MA, University of Edinburgh, 1990; AM (1992), PhD (1998), Harvard University
At Colgate since 2001; before then I was a lecturer on history and literature, Harvard University, 1998-2001, and visiting lecturer in history, University of Massachusetts at Amherst, 2001; in fall 2005, I spent a semester as a visiting assistant professor at Harvard.
Medieval European history: I teach a variety of courses including introductory courses on medieval Europe and on the Crusades, as well as an introductory course on modern Britain; 300-level courses on medieval Italy and on late medieval England; and a seminar. I also teach Core Western Traditions. I led the London History Study Group in spring 2009.
Medieval European history, especially England in the 11th and 12th centuries; the intersection of legal and cultural history; power and oppression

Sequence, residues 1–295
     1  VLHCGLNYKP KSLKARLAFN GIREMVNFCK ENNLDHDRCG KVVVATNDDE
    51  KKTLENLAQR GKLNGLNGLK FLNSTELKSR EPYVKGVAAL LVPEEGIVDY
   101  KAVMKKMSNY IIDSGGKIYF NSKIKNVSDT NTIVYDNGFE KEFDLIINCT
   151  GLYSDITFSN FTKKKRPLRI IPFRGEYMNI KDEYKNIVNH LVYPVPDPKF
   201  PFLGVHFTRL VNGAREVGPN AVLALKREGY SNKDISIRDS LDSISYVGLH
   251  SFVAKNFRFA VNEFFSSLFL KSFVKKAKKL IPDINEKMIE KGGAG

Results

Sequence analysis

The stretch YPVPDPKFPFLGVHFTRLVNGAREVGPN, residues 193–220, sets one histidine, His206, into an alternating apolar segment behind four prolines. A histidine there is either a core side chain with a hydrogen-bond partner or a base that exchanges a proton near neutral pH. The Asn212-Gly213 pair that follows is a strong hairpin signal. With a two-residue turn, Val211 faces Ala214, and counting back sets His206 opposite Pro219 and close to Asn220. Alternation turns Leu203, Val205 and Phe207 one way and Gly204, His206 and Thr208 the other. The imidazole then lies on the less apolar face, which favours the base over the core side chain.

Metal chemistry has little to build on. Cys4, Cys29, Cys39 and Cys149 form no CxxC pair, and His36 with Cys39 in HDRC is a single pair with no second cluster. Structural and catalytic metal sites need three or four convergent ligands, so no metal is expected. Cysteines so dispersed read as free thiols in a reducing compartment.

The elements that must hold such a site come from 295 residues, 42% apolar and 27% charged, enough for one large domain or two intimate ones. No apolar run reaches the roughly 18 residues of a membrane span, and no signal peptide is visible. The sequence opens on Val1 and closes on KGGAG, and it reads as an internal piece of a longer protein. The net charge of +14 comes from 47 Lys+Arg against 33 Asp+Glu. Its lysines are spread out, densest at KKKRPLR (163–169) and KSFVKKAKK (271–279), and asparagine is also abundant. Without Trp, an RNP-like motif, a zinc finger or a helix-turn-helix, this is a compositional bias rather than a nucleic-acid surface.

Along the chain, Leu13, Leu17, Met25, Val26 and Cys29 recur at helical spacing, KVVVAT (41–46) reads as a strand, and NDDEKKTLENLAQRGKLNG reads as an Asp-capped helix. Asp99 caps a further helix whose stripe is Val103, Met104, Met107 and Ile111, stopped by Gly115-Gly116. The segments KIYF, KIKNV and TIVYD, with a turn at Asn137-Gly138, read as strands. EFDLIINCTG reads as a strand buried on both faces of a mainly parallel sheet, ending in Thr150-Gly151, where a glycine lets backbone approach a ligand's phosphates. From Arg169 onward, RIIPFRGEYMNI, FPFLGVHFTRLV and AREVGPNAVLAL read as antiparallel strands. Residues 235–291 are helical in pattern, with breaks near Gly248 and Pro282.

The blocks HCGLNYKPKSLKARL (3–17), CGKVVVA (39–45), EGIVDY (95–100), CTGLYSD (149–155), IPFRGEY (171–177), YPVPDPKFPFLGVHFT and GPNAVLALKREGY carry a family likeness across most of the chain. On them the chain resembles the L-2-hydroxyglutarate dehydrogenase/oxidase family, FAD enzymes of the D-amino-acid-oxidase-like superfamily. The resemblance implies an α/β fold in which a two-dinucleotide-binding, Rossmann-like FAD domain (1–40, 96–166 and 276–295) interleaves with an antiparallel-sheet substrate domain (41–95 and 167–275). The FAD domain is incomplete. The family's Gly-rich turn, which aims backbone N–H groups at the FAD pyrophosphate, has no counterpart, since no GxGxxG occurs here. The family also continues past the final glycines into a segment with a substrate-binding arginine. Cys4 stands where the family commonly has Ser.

i) In Progress: William Longbeard's Long Beard: Crusading Rhetoric, the Apocalypse and the Politics of the Poor in Medieval England. ii) In Print: Bridges, Law and Power in Medieval England, 700-1400 (Boydell and Brewer, 2006)
"Introduction" (co-authored with Robert Berkhofer and Adam Kosto) in The Experience of Power in Medieval Europe, 950-1350, ed. Robert Berkhofer, Alan Cooper and Adam Kosto (Ashgate, 2005), pp. 1-7 (more information here).
"Protestations of Ignorance in Domesday Book" in Experience of Power, ed. Berkhofer, Cooper and Kosto, pp. 169-81.
"The Rise and Fall of the Anglo-Saxon Law of the Highway," Haskins Society Journal 12 (2002), 39-69 (Bethell Prize Winner).
"Extraordinary Privilege: The Trial of Penenden Heath and the Domesday Inquest," English Historical Review 116 (2001), 1167-92.
"'The Feet of those that bark shall be cut off': Timorous Historians and the Personality of Henry I," Anglo-Norman Studies 23 (2000), 47-67.
"The King's Four Highways: Legal Fiction meets Fictional Law," Journal of Medieval History 26 (2000), 351-70. Reviews in Speculum and Medieval Review (online journal).
"Obligation and Jurisdiction: Roads and Bridges in Medieval England (c. 700–1300)" (Harvard University, 1998).
Winner of Denis Bethell Prize 2001